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All opinions are subject to modification and technical correction prior to official publication in the North Carolina Reports and North Carolina Court of Appeals Reports. In the event of discrepancies between the electronic version of an opinion and the print version appearing in the North Carolina Reports and North Carolina Court of Appeals Reports, the latest print version is to be considered authoritative.

NO. COA01-1207


Filed: 17 December 2002

v .    


    Appeal by plaintiff from judgment and order entered 18 June 2001 by Judge Raymond A. Warren in Mecklenburg County Superior Court. Heard in the Court of Appeals 5 June 2002.

    Caudle & Spears, PA, by Christopher J. Loebsack, for plaintiff-appellant.

    Battle, Winslow, Scott & Wiley, PA, by Marshall A. Gallop, Jr.; and Soles, Phipps, Ray, Prince & Williford by R.C. Soles, Jr., for defendants-appellees.

    BRYANT, Judge.

    This appeal arises out of an automobile accident that occurred on 15 April 1991 in Maryland between defendant Phillip Edwards and Mary Louise Haggenmaker. At the time of the accident, defendant Phillip Edwards was insured under a personal auto policy issued by plaintiff North Carolina Farm Bureau Mutual Insurance Company [Farm Bureau or plaintiff]. The policy contained underinsured motorist [UIM] coverage in the amount of $100,000 per person for bodily injury and covered Phillip Edwards' four personal vehicles, including the 1974 Volvo he was driving at the time of the accident.
    Phillip Edwards and his wife, Mary Edwards [defendants], filed suit against Haggenmaker for personal injuries and damages arisingout of the accident. In May 1997, the Haggenmakers' liability insurance carrier, State Farm, offered defendants the policy limit of $100,000 to settle their claims against Haggenmaker. By letter dated 15 May 1997, Farm Bureau elected not to advance defendants the $100,000 policy limit   (See footnote 1)  and asked defendants to notify Farm Bureau if they intended to pursue additional claims.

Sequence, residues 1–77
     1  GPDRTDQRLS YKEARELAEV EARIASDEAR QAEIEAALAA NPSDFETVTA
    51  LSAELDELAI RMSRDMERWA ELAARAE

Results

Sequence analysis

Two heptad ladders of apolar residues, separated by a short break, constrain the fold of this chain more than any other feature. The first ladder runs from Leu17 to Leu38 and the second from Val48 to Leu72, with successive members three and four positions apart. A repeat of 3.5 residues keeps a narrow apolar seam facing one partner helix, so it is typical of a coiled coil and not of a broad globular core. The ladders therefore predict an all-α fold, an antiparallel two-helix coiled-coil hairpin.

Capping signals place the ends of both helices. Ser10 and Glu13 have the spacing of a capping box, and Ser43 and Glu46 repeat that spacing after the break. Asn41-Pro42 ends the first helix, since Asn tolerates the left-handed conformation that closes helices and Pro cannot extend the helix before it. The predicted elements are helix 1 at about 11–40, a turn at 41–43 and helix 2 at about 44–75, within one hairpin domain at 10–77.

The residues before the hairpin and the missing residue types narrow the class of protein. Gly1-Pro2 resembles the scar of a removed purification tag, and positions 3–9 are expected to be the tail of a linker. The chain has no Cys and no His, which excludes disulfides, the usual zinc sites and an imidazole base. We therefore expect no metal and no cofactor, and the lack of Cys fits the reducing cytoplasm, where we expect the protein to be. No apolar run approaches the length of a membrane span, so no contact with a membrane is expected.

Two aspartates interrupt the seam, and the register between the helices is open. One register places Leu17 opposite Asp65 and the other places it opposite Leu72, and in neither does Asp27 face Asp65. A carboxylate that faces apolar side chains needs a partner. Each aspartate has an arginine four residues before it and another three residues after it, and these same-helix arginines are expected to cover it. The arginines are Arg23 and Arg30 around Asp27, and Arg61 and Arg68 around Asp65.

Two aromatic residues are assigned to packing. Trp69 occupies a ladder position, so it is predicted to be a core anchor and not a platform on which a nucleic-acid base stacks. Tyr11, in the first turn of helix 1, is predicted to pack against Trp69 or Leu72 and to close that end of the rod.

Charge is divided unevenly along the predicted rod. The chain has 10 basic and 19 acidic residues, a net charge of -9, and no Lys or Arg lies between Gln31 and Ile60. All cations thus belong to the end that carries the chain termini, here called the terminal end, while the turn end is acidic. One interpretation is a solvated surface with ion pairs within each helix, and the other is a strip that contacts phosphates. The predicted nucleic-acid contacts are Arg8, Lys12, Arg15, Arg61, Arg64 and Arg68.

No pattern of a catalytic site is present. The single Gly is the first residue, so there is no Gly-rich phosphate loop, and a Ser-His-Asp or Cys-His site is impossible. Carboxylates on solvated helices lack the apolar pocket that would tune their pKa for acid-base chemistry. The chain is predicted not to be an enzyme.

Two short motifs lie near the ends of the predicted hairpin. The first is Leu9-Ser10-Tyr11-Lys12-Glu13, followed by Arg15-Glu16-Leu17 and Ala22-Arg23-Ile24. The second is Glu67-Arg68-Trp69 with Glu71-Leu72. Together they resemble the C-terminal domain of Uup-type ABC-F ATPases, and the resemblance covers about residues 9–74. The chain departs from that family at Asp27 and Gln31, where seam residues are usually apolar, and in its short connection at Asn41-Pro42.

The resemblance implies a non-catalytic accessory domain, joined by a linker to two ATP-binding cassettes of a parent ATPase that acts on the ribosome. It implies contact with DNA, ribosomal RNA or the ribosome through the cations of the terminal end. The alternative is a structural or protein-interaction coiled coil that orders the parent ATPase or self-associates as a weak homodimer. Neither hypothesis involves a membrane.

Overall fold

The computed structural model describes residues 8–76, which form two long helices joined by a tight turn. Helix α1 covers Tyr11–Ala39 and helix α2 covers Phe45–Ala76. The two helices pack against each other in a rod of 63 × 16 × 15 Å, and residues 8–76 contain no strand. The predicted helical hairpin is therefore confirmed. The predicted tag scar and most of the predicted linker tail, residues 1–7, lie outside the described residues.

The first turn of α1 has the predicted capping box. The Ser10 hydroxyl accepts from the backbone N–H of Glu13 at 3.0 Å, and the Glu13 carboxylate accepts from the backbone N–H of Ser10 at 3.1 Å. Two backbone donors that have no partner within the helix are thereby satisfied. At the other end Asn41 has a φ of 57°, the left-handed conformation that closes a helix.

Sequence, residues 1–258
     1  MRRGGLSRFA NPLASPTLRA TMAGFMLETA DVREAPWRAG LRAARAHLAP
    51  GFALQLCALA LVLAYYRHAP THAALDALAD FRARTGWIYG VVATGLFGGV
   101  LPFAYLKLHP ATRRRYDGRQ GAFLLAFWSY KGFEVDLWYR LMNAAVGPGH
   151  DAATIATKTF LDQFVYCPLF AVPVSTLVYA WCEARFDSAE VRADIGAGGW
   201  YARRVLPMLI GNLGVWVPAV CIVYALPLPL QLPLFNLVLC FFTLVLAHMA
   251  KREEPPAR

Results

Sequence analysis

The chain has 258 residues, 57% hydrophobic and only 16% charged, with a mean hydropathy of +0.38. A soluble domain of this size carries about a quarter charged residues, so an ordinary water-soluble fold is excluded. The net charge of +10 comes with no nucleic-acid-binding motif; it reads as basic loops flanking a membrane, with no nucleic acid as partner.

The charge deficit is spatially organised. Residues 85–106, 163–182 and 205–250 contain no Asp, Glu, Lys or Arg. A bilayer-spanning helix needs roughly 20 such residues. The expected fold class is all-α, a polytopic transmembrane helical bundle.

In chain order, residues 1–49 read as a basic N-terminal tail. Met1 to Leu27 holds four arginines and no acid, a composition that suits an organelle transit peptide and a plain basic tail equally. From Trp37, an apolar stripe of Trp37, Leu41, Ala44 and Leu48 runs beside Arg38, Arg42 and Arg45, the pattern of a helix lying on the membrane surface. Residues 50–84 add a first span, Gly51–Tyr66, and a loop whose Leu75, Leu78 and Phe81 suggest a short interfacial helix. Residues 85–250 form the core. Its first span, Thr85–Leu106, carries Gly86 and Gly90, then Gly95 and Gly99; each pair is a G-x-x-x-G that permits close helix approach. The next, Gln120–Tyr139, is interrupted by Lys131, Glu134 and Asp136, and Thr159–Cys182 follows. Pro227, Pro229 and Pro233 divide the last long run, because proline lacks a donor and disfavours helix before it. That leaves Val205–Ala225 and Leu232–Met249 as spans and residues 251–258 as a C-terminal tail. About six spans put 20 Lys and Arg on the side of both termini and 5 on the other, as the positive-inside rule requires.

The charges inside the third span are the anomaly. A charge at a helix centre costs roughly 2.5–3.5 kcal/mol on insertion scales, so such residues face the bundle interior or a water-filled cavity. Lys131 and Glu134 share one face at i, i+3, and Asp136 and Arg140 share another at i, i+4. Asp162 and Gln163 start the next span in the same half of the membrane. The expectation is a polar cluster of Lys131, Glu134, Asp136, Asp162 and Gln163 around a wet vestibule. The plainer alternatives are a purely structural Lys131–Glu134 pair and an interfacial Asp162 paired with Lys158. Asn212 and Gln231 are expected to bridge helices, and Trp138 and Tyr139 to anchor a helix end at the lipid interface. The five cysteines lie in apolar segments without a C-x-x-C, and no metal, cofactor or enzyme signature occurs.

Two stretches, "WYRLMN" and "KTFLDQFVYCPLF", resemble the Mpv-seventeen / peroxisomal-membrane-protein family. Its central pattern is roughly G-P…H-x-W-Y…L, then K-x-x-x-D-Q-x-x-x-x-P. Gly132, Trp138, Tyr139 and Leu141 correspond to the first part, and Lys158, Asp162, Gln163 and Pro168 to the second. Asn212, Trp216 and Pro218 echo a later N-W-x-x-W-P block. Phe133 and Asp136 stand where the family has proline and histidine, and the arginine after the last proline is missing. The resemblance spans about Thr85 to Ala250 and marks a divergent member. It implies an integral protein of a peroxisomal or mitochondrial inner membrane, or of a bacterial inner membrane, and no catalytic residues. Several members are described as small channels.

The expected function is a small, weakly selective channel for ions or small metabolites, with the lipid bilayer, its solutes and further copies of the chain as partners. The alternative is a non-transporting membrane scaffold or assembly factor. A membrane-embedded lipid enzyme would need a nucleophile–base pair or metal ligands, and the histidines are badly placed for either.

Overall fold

On 16 August 1997, defendants accepted the $100,000 tender from the Haggenmakers and State Farm, and executed a "Release" [the Edwards Release or the Release] in consideration of the $100,000 payment. The Release stated, in pertinent part, with handwritten portions underlined and those portions marked-through stricken:
        For the Sole Consideration of One hundred thousand dollars ($100,000) Dollars, [sic] the receipt and sufficiency whereof is hereby acknowledged, the undersigned hereby releases and forever discharges

        Harry H. Haggenmaker Mary Haggenmaker

        their heirs, executors, administrators, agents and assigns, and all other persons, firms or corporations liable or who might be claimed to be liable, none of whom do not admit any liability, from any and all claims, demands, actions, causes of action or suits of any kind or nature whatsoever, and particularly on account of all injuries, known and unknown, both to person and property, which have resulted or may in the future develop from an accident which occurred on or about April 15, 1991 at or near Old Crain Highway near School Lane.